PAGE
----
Executive Pagan

If Eddie Izzard can be an executive transvestite, I can be an executive pagan.

Tradition and innovation – guest post for DruidJournal

Posted by Erik on June 13, 2007

(NOTE:  Given that my posts tend run rather long, I am experimenting with adding a “cut” to reduce the amount of scrolling on the front page. Some people like this, some don’t; please let me know what you think! I’m happy to do it either way, whatever makes it easier on you, the reader.)

Jeff of DruidJournal asked some of us to guest-blog for him while he’s on vacation; unfortunately, there appears to be a technical issue with guests posting over there, so I am posting this here for now and adding a link in the comment box on DJ.

Given that this is a guest post for a Druid blog, I was going to talk about tradition and innovation in Druidry; but I realized quickly that Hellenism is where I see the differences more clearly, and that it made more sense to address the question from that perspective.

I have touched on this topic elsewhere:

I do seek what the Ancients sought – to come into relationship with my Gods, which were also their Gods – but I do not feel constrained to do this always the *way* they did. … I believe that the old ways have inherent value, but that for individual worshippers they are only essential to the degree that they make us more receptive to the presence of the Gods and foster kharis (relationship or reciprocity).

Obviously, that puts me on one side of a particular point in the Hellenistic tradition/innovation continuum; but the important point is that it is a continuum, not a divide. Even the most hardcore Reconstructionist will admit that innovation is sometimes required to fill in the gaps, and the most ardent innovator will engage in some traditional practices, such as offering libations or standing while praying. With a few vocal exceptions on either end, generally nobody tries to say “thou shalt” or “thou shalt not” engage in this or that worship practice… except on the question of animal sacrifice, where opinions are largely fixed – and usually based more on emotion than on anything more subjective – and discussions do become quite heated. (For the record, I personally believe that for someone who is already in the position of needing to slaughter their own animals, traditional sacrificial practice is entirely appropriate and should even be encouraged; and for someone like me, who gets my meat already dead, it would be gratuitous to go out of my way to try to practice it. YMMV.)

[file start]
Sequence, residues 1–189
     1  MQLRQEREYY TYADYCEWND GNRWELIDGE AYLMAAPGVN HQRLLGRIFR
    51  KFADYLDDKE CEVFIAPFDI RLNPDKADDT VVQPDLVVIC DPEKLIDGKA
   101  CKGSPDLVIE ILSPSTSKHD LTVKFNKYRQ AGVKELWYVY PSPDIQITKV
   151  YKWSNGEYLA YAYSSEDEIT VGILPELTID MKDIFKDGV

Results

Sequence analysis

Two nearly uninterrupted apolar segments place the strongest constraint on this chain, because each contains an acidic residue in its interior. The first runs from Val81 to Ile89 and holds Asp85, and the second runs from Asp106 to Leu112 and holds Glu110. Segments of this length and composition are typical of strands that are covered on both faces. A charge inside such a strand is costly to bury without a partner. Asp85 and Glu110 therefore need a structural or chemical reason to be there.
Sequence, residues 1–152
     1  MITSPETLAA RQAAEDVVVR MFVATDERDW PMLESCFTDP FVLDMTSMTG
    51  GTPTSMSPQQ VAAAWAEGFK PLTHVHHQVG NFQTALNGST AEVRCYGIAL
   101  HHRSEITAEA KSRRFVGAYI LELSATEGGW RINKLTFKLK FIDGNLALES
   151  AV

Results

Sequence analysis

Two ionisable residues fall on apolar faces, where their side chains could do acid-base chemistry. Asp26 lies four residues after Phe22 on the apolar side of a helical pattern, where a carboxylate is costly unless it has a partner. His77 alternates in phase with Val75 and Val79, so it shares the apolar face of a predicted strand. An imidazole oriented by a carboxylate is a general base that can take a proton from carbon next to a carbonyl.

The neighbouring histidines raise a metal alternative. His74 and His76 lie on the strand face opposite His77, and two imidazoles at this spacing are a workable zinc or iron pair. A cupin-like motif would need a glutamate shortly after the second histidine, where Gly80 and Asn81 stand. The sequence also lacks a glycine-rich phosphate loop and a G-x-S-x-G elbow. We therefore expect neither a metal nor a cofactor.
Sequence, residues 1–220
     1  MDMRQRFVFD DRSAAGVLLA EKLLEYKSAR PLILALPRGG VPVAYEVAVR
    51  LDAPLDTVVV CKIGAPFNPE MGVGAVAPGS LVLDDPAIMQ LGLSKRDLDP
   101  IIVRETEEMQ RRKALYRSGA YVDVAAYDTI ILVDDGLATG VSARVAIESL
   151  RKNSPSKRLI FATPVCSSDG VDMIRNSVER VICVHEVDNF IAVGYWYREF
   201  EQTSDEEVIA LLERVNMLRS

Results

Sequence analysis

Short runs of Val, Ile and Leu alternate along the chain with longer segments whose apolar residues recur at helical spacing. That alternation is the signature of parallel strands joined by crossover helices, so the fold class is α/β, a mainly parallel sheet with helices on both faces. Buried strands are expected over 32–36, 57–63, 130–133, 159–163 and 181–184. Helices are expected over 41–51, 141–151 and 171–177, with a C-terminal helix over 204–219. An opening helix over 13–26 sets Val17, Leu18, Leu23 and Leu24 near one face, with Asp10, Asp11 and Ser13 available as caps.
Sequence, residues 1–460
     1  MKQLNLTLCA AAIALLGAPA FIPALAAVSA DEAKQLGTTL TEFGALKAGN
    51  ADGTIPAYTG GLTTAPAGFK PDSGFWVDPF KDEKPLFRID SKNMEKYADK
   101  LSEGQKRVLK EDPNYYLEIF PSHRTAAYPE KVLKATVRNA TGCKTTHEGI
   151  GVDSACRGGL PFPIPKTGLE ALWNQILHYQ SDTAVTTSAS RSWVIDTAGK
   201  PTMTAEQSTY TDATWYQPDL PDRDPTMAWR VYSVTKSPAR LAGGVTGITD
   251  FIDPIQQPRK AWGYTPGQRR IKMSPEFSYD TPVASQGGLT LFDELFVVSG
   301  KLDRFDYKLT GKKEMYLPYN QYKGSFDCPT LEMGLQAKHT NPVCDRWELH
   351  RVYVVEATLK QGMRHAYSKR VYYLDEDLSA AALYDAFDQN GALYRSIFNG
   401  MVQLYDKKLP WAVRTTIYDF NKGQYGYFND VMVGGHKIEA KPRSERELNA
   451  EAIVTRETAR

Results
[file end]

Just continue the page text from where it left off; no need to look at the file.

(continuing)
What does happen is that people on both sides are regularly challenged as to why they do a particular practice, or hold a particular opinion; Reconstructionists will challenge innovators to explain the reasoning behind their innovations, and innovators will suggest that Recons try to bring their worship into the 21st century. As somebody said on a pagan interfaith board a few years ago (paraphrased), “If you tell me you had a vision of the Morrigan dancing in a field of flowers with bunnies hopping around, I can’t tell you absolutely that you’re wrong, but I will point out that this goes against all tradition and ask you if you’re sure that was Who you saw.”

I think awareness and intention are the keys – whatever you’re doing, make sure you understand what you’re actually doing and why you’re doing it. Innovations, if they are to be successful, have to come from somewhere real and identifiable, whether that be research or revelation; and the most traditional practice, if done simply as a matter of rote imitation, is meaningless. I try to stay aware of this myself, particularly when some new situation arises that requires a deviation from my standard (and fairly minimal, to be perfectly honest) practice. If a traditional practice doesn’t engage me spiritually, doesn’t help bring me closer to the Gods and foster kharis, then I will likely not add it in, at least not at this time. Likewise, if an innovation seems like a great idea at the time, but after research and reflection seems either to not be grounded in something solid or to not meet with Someone’s approval, then I’ll (sometimes sadly) shelve it.